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Slavery -- The Peculiar Institution



Getting the Feel of Slavery 200 Years Later

Slavery makes me sick. I never could understand it. How could one human own another? Does that make any sense at all? The concept of slavery goes against what I have always been taught: to respect other people.

I wonder what I would have done if I had been a slave? Would I have escaped and started a new life in the north? Or would I have escaped and helped out the Underground Railroad? Maybe I would have killed my way out of slavery?

Some African American Slaves in Virginia after a long hard day
The truth is, I really cannot completely answer those questions without actually being a slave and feeling what they felt. Some acted violently, some sneaked away from slavery by swimming through ponds and swamps, some educated themselves politically to free themselves and their people, and a few planned for a big escape and got caught before they had a chance to execute it.

What if you were a Slave?

Put yourself in the shoes of a slave around the year 1800. How would you like to be told what to do all the time? You begin work before dawn and perform backbreaking labor all day in the fields. You are told what to eat, when to eat and even how to eat. Your master controls any free time you have. You always hear stories about the North and how you could live freely if you escaped and traveled up there. Freedom is always on your mind. You wonder what it means to be free. Whatever the word "freedom" means, you know you want it and that no matter what it takes, you are going to get it!


Teddy and I spent the night at Pocahontas State Park, south of Richmond, Virginia.

I tried to imagine what it would be like to be a slave. The closest experience I have had to living without freedom was when I was in junior high school. My dad told me I couldn't go out one night, and I became enraged! How could he do this to me? I started planning ways to escape from the house, but I ended up staying home.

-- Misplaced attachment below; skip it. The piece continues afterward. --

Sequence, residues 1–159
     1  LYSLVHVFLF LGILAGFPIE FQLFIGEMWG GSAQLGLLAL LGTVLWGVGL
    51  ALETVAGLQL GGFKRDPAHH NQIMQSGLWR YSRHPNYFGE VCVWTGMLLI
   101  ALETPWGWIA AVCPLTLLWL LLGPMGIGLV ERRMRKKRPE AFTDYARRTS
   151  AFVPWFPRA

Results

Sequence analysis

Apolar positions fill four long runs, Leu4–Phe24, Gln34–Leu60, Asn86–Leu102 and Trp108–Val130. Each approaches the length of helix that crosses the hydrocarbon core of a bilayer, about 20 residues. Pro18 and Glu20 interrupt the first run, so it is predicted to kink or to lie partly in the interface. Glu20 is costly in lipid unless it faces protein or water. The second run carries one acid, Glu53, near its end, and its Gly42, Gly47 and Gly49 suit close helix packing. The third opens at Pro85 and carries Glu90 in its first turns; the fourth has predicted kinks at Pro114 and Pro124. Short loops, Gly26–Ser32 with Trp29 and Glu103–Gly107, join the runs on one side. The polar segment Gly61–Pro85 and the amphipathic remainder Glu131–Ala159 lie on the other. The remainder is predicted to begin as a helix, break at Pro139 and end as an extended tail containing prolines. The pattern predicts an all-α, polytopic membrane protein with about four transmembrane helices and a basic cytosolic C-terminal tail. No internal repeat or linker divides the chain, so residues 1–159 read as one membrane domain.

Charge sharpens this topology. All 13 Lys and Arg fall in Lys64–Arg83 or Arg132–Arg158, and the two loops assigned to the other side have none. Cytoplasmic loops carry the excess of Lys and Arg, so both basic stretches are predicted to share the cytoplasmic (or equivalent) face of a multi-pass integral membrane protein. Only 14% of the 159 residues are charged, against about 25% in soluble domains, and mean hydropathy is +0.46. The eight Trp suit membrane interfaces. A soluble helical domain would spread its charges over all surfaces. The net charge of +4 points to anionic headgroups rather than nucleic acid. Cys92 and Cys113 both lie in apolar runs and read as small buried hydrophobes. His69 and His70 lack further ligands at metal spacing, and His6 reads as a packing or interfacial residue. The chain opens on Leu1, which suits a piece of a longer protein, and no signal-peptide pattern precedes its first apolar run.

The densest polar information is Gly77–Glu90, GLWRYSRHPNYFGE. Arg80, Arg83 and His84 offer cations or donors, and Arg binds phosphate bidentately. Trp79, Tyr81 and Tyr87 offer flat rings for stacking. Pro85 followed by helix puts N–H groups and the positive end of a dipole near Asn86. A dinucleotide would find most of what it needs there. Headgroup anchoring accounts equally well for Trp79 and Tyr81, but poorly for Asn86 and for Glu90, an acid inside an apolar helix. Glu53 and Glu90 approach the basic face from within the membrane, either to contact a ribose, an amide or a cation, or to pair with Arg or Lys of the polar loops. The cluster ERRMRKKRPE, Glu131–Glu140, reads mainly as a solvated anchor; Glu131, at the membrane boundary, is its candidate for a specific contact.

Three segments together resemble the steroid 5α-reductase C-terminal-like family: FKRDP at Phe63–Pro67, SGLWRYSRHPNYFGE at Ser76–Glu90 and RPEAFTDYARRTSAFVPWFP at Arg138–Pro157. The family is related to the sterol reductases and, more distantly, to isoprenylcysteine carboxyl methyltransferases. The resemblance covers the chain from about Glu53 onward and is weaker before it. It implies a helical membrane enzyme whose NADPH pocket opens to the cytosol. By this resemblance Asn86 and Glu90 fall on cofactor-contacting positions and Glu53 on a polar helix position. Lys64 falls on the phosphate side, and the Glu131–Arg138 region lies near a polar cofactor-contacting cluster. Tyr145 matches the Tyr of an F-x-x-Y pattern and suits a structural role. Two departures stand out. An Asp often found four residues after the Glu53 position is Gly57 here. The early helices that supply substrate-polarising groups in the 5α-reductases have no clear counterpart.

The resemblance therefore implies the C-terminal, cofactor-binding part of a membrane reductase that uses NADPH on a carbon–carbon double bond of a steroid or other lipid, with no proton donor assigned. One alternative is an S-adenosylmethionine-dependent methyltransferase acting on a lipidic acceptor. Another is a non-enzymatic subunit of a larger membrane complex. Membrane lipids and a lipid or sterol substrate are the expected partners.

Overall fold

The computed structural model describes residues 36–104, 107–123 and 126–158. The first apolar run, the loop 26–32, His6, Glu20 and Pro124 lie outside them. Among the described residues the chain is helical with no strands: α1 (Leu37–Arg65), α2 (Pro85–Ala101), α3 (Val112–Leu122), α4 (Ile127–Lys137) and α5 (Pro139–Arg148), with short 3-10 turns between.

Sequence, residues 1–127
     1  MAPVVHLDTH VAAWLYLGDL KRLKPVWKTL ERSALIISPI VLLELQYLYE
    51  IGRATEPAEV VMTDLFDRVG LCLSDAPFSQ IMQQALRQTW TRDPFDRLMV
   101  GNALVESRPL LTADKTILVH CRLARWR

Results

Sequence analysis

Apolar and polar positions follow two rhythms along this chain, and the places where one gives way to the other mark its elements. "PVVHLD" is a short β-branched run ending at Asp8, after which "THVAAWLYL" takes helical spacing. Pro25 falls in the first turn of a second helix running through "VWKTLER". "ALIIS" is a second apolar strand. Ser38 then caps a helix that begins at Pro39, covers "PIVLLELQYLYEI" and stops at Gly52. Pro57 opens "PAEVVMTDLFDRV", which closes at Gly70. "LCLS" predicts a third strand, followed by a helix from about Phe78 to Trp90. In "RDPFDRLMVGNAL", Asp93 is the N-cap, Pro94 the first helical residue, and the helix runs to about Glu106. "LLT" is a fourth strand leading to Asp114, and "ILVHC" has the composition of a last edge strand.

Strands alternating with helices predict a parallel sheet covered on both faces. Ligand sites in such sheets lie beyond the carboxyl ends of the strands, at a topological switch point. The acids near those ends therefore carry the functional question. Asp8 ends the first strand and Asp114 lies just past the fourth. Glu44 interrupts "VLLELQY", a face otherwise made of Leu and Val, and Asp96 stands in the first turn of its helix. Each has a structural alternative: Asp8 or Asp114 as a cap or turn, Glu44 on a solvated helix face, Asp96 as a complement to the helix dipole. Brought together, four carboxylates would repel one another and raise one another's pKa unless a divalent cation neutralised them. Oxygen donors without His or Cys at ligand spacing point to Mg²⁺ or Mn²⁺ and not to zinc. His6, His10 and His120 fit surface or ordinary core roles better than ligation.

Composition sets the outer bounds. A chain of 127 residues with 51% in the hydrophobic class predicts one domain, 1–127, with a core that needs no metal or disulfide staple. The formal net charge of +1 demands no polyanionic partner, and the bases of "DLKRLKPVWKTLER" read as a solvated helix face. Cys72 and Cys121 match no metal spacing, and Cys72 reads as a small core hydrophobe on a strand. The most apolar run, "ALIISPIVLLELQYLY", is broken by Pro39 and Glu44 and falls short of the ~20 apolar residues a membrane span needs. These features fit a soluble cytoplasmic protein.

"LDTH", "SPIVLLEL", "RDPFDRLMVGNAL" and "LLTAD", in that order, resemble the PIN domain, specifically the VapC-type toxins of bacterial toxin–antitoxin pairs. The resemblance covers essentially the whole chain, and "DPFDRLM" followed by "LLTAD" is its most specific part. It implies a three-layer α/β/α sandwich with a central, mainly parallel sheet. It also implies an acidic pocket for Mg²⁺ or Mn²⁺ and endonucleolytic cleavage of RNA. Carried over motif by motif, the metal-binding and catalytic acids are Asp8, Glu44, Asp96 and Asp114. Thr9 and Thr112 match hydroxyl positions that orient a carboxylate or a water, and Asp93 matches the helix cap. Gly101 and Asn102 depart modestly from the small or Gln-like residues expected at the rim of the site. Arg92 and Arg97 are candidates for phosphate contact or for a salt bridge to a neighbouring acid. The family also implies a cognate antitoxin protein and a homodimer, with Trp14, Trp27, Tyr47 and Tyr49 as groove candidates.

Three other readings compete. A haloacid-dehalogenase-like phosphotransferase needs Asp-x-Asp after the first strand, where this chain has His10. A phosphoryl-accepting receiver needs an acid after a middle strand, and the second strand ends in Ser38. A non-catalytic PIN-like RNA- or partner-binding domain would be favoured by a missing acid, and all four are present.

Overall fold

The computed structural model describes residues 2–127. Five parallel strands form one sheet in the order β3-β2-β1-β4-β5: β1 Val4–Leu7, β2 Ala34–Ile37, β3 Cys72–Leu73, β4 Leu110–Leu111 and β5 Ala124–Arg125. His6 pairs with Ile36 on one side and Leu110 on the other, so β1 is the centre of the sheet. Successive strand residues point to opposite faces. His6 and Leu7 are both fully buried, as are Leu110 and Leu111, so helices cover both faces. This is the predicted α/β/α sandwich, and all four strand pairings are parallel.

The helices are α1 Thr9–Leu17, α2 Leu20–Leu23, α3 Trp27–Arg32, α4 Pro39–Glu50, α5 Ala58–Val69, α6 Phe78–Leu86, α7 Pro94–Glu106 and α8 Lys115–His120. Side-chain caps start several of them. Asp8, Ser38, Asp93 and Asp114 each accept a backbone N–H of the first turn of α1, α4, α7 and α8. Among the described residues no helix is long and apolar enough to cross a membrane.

Now that I look back on that situation, I realize my dad was just looking out for me because he loved me and was concerned. In fact, I'm actually glad that he did what he did. And I have a lot of respect for him for putting up with me for all these years!

A drawing of Gabriel at the Brookfield Plantation
My point is, the closest I could come to thinking about what it would be to be enslaved doesn't even begin to compare to what it was REALLY like for slaves who lived on plantations 200 years ago. During those times, a slave had to do what he had to do to survive. Here's what an African American slave named Gabriel decided to do.

Gabriel's Story

Gabriel was born in 1776 -- the same year the United States was officially "born" -- on the Brookfield plantation near Richmond, Virginia. Gabriel's master, Thomas Prosser, gave him a limited education so he could travel around to different plantations doing blacksmith work and trading. This would prove to be very economical move for Prosser, because he would be making all of the money off of Gabriel's work (Gabriel had to give his money to his master). Even so, Gabriel enjoyed his work because he could travel to other plantations and meet other slaves. He also realized that he was in a position to coordinate a massive uprising that might have meant freedom for those involved. It was just a matter of getting all the slaves organized and together on the same day. As Gabriel traveled to all the other plantations to work and trade, he began to talk to slaves and plan out a battle for their freedom.

Gabriel's Battle Plan

Nick feeding a hog at an old plantation!